The Slovenia Times

Wage Bill for Schools to Be Cut by 10% in 2013


The wage bill for scientific institutions is to be cut by 8% from 2012 or 19% from 2011, and for public institutions working in culture it is being reduced by 10% from 2012 and by 17% compared to last year. Universities are to get 8% less than in 2012 and 16% less than in 2011.

On average the ministry will need to reduce its labour costs by around 15% compared to 2011, according to the minister, who said some of the cuts had already been made through austerity measures and in the 2012 supplementary budget, but the bulk of the saving will need to be done in 2013.

The government adopted the 2013 and 2014 budgets yesterday after extensive negotiations, the minister said, explaining that he had informed the key stakeholders in education, science and culture about the proposed budget.

He said there was great concern in the sectors under the ministry and announced that crisis coordination committees would be set up with representatives of the ministry, trade unions, public institutions and other stakeholders.

When looking for solutions in schools for example, differences will need to be made between those who teach and the administration, the minister noted, adding that some areas had as much as 40% of administrative staff.

Nives Počkar, the head of the association of secondary school principals, said there was still confusion about the numbers, but that it was clear that they meant pay cuts and layoffs, since secondary schools have no reserves.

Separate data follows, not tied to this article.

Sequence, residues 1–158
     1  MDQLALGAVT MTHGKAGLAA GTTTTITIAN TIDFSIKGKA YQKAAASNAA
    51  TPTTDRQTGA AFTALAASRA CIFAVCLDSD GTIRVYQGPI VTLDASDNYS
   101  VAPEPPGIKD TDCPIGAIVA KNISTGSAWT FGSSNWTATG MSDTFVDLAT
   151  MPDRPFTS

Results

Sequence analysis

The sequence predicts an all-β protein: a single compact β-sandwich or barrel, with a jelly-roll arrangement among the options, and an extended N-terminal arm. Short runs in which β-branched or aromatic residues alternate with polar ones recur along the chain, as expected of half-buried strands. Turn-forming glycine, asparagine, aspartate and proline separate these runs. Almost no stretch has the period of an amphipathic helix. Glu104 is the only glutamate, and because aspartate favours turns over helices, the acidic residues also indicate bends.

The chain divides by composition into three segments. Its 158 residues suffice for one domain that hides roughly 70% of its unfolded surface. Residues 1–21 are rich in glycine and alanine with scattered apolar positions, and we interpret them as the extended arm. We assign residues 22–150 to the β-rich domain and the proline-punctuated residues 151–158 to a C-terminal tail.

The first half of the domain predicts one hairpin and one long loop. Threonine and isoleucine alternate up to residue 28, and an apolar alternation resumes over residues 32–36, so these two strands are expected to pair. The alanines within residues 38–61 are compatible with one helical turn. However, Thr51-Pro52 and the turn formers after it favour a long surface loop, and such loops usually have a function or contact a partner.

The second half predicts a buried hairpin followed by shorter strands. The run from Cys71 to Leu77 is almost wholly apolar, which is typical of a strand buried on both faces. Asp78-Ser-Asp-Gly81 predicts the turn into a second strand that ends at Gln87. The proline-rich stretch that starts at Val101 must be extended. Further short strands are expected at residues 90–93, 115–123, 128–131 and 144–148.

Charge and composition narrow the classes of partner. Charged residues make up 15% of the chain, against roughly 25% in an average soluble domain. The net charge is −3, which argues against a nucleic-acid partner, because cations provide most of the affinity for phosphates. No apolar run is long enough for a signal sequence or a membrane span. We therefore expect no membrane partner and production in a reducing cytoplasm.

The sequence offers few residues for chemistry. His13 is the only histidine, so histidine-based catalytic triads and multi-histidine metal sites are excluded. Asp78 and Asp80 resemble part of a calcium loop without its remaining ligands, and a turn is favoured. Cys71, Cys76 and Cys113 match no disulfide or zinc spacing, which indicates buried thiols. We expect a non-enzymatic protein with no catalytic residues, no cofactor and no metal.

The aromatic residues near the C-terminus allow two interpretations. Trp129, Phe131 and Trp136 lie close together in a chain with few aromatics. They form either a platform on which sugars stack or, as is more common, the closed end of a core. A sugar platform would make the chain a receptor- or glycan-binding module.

She sees possible solutions to avoid layoffs in changing norms or increasing teachers' workload.

Turk explained that the cuts were necessary in the view of the difficult situation in the public finances - which has only deteriorated since July when next year's budget was first debated - since Slovenia is unable to get loans on the financial markets to finance the functioning of the state, the public sector and various transfers.

However, the minister said it "hurt" him to see that the four areas covered by his ministry were treated similarly to bureaucrats at ministries and in the state administration, without privileges given to health care, the military, police, judiciary and even the government's legal service or the government think-tank IMAD.

He said the argument of the Finance Ministry was that the growth of the wage bill in the areas of his ministry had been above average over the last years, but noted that different information has been circulating in the public.

The modest increase in the ministry's funding is a "drop in the ocean", Turk stressed, adding that the ministry was now calculating the impact of the proposed budget, especially for science, higher education and culture.

However, some optimism can be found in this being the last cut and in the fact that stabilisation of funding in this sector is expected in 2014, he noted.

The ministry's funding is to increase by around 2% compared to the 2012 supplementary budget, mostly on account of higher EU funding, which Turk hopes will help cover the most severe problems stemming from the cuts.

Teachers' trade union SVIZ responded to Turk's announcements of the cuts in the wage bill, saying they would use all the means available to prevent such a catastrophe.

Pointing to a report on European teachers' pay published by the European Commission, the union stressed that Slovenia was among the countries where teachers were hit the most by austerity measures.

SVIZ secretary general Branimir Štrukelj expressed wonder how the minister could persist on his position, giving an example of his Slovakian counterpart who resigned over much lower cutting plans.

He said Turk should take strong actions to defend the education, science and culture, which are being trampled on, instead of "crying in front of cameras" about how he is hurt by the government's decisions.


More from Nekategorizirano